Russian businesses offer some Soviet-era employee services as well as sound environmental programs as they globalize
By Vera Kurochkina
If you ask American experts what they know about Russian CSR activities, the majority would probably answer “nothing.” This is not particularly surprising. And if the same question is asked in the European Union, which is geographically closer to Russia, the answer would still be the same. This is unsatisfactory and the following discussion is one of the steps toward informing people about Russia’s CSR expertise and how the country’s businesses are integrating into the global process of developing new CSR standards and practices.
Russian companies are becoming high-profile players in the global market. Despite the liquidity crisis, which began in the middle of last year and has disrupted the world’s economy, 2007 was a record year for IPOs in Russia, according to communications consultancy PBN Company in its “IPO Pioneers” survey. Judging by the volume of IPOs last year, the country has become a leader in Europe.
The survey found that Russian companies carried out 23 IPOs in 2007, totaling $29.4 billion. This volume exceeds the volume of IPOs from the other European countries. For example, companies from the United Kingdom have attracted almost $22 billion while companies from Germany have brought in $11 billion.
A research paper, “The Russians are Coming: Understanding Emerging Multinationals,” published by The Economist Intelligence Unit, supports this view, noting that Russia climbed to third from 12th in a ranking of the most favorable destinations for direct foreign investment. The report also indicates that globalization is influencing all types of Russian companies, from the state-owned giants to private corporations. These companies are undertaking major changes as part of implementing transparent, international management and corporate governance standards.
Globalization and efforts to integrate into the world economy are among the factors that are making Russian businesses take social responsibility into account, according to the Russian Union of Industrialists and Entrepreneurs (RSPP).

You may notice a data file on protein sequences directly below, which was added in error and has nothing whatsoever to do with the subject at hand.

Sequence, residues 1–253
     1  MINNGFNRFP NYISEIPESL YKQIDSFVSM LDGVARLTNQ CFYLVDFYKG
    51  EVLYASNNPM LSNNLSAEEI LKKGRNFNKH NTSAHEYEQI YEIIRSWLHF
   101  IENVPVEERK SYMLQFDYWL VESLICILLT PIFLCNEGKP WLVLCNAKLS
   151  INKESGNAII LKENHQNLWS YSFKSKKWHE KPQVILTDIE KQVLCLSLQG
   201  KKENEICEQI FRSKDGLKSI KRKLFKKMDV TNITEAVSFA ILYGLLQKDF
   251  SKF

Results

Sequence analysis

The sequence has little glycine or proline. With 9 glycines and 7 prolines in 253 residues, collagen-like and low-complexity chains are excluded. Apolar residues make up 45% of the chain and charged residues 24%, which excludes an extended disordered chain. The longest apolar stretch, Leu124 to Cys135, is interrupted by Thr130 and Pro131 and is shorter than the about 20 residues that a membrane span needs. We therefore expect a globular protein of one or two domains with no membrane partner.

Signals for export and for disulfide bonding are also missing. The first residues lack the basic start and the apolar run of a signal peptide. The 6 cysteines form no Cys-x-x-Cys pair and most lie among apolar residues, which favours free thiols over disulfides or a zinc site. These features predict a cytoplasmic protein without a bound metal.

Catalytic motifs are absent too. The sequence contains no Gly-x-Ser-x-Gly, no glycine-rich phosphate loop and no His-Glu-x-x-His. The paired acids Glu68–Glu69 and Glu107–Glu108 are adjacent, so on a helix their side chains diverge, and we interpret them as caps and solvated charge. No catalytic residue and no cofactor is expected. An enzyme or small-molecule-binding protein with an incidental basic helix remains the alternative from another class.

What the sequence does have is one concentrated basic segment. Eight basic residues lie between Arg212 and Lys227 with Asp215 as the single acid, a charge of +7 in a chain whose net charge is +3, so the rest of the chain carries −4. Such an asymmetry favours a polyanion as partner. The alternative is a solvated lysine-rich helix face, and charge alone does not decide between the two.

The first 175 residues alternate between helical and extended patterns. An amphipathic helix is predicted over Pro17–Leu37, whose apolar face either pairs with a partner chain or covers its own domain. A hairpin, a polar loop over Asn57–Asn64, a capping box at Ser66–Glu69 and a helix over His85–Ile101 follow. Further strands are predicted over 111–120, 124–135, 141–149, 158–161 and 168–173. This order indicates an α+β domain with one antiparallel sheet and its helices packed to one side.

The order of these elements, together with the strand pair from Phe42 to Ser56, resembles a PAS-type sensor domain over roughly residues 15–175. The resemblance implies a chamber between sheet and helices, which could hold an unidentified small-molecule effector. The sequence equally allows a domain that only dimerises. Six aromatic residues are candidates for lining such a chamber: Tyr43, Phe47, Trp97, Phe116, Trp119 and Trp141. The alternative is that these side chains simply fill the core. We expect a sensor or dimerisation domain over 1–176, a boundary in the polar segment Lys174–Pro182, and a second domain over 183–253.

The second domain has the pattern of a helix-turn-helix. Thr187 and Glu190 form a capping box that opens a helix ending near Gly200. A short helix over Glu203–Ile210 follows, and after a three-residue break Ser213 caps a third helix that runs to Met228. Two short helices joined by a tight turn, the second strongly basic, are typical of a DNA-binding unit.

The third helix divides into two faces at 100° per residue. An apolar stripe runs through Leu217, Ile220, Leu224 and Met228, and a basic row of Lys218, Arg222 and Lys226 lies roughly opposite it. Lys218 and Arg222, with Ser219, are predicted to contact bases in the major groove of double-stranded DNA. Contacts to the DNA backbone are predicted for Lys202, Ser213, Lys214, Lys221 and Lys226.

Another factor is companies’ searching for foreign partners and investors as part of IPO preparations. In 2004, RSPP approved the Social Charter of Russian Business as the basis for the sustainable development of independent and socially responsible companies.
In 2007, a new edition of the social charter was issued. It was aimed at achieving long-term economic and social results that take into account balancing the interests of shareholders, the state, employees, suppliers, consumers, public organizations, local communities and other parties.
Russian companies are now actively implementing modern industrial safety standards, environmental protection activities, and social investment practices as part of day-to-day operations. This process is going on at varied paces in different companies. But, it is noteworthy that 20 years ago, no one in Russia knew what CSR was.
During the Soviet Union era, social investments mainly consisted of providing social services to employees and the rest of the population. In 1990, almost 80 percent of Russian state enterprises owned and provided homes, sport and recreation centers, cultural centers, and other social infrastructure. In many towns, heat, water and electricity supply were connected with the engineering centers of enterprises, and they were, as a rule, subsiding local and municipal authorities.
Russian companies have successfully restructured social programs without serious social unrest. This experience can be useful for other countries undergoing similar transitions. Some Russian companies still subsidize employees’ expenses for recreation and own sport and cultural centers, offer apartments to employees, as well as provide financial aid to local communities to support local infrastructure maintenance and construction projects.
At the same time, modern models of corporate philanthropy and social investments are being actively developed, as well. This is an indication that Russian CSR practices today combine paternalistic and modern CSR models. Russian companies with a global presence actively apply the best practices.
The experience of United Company RUSAL, the world’s largest producer of aluminum and alumina, is illustrative, as CSR is at the core of the company’s growth and development strategy. In 2002, UC RUSAL became the first company in Russia to join the U.N. Global Compact Initiative. Understanding that climate change has become an issue of global concern, earlier this year the company joined the “U.N. Caring for Climate: the Business Leadership Platform” global initiative. Decreasing carbon emissions is one of the company’s key priorities.
UC RUSAL has already invested more than $1 billion in environmental protection initiatives since 2000 and is planning to invest more than $$1.4 billion from 2007 to 2013 in modernization efforts aimed to improve environmental protection.
The extensive modernization program will enable the company to achieve unified environmental protection standards across all of its plants and will decrease greenhouse gas emissions 1.5 times by 2015. UC RUSAL’s progress and activities are detailed in its CSR over the last several years.
UC RUSAL’s activities and practices are just a small part of the CSR trend at work at major Russian enterprises across the country. Increased awareness of our CSR activities and investments will definitely assist in improving the image of Russian companies and enhance the global reputation of Russian businesses.
Vera Kurochkina is Director of Public Relations at UC RUSAL. In addition to supervising external communications strategies, Kurochkina establishes cooperation ties with industrial and noncommercial associations, and is responsible for charity and social programs.